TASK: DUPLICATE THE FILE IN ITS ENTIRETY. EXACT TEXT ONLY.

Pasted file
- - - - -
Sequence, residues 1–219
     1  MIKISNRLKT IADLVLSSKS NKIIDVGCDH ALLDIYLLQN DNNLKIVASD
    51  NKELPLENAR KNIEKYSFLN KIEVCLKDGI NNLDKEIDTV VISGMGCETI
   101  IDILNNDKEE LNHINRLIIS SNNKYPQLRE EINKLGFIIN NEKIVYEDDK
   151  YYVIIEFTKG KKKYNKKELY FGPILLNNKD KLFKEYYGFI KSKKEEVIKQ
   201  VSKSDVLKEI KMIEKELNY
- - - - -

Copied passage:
Sequence, residues 1–219
     1  MIKISNRLKT IADLVLSSKS NKIIDVGCDH ALLDIYLLQN DNNLKIVASD
    51  NKELPLENAR KNIEKYSFLN KIEVCLKDGI NNLDKEIDTV VISGMGCETI
   101  IDILNNDKEE LNHINRLIIS SNNKYPQLRE EINKLGFIIN NEKIVYEDDK
   151  YYVIIEFTKG KKKYNKKELY FGPILLNNKD KLFKEYYGFI KSKKEEVIKQ
   201  VSKSDVLKEI KMIEKELNY